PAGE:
3. Farm activities and investment, including crop choice, factor usage, acres cultivated, receipt of extension and advice, quantity produced, quantity sold, location of sales, prices received.

4. Non-farm enterprise choices and outcomes, including number and location of suppliers, goods and services offered, price search, and exit/entry.

5. Directory usage (for the treated), sharing of directories, specific firms contacted and information sought.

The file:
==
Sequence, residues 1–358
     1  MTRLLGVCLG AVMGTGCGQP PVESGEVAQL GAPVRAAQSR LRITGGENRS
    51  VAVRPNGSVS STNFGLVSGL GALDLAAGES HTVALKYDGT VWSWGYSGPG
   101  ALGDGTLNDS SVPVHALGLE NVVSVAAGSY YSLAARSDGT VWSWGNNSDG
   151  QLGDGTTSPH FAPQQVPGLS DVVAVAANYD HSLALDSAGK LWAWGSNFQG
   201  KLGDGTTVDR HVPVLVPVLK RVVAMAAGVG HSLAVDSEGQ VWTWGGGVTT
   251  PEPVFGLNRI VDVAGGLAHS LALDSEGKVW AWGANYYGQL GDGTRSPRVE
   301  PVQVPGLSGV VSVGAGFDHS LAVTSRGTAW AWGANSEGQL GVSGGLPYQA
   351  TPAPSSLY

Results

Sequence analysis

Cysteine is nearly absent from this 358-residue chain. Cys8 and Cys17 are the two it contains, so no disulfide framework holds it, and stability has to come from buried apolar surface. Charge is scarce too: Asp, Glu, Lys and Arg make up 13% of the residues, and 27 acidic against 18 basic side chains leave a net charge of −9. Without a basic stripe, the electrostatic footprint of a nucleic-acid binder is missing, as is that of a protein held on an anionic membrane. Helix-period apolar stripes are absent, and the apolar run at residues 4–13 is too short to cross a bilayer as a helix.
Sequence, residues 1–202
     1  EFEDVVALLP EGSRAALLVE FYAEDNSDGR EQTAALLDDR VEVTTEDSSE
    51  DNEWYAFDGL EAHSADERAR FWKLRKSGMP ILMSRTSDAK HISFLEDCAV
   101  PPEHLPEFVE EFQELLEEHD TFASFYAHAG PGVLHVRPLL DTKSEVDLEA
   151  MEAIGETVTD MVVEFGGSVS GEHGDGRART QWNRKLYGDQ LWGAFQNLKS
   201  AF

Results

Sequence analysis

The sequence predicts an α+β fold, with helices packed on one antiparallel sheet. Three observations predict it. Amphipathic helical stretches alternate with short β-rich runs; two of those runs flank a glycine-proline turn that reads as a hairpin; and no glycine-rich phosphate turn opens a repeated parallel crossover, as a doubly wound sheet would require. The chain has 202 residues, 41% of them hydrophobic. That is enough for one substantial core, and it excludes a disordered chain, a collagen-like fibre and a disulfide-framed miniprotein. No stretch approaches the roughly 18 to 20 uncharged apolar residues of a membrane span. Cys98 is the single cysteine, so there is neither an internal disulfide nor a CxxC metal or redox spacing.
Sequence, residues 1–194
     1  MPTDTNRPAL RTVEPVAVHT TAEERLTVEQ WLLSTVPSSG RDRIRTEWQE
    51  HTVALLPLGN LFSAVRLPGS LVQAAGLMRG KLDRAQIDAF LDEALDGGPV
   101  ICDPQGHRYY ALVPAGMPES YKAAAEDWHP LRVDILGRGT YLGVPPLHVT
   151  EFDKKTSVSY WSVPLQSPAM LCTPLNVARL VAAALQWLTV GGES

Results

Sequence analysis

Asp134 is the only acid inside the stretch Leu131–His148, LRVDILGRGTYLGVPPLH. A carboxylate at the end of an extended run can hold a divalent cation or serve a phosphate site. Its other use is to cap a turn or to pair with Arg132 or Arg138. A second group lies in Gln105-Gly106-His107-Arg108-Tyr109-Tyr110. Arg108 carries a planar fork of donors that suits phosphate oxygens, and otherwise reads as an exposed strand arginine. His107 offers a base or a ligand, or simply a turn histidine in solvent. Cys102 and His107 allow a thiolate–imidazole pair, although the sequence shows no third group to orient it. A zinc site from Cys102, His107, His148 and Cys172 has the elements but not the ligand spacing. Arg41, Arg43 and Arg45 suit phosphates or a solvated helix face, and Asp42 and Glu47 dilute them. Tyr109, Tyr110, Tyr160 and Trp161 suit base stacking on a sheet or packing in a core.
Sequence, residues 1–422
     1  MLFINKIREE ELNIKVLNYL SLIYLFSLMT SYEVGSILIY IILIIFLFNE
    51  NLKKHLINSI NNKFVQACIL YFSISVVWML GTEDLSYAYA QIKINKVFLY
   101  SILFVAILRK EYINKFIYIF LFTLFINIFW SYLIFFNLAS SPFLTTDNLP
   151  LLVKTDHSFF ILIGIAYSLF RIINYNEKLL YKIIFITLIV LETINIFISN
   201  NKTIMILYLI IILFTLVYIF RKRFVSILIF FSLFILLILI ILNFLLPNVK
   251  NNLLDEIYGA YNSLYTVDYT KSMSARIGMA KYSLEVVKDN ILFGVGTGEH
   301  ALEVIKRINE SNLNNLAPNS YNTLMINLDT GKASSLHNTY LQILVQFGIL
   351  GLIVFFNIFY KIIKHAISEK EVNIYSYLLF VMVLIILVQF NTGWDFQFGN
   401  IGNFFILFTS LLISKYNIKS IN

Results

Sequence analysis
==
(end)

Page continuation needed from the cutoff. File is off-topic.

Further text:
Primary Outcomes (explanation)

Secondary Outcomes

Secondary Outcomes (end points)
Spillover treatment effects within and across small communities
Secondary Outcomes (explanation)

Experimental Design

Experimental Design
This is a household-level randomized control trial involving a sample of approximately 3400 households in 120 villages.

Prior to launching the RCT we conducted a census of enterprises in a wide range of sectors, in 102 locations in 6 districts of the Kagera region, Tanzania. The information collected from these enterprises forms the basis of our primary intervention, a business directory. Villages were chosen for the census if they had a population of at least 4500 people in the most recent census.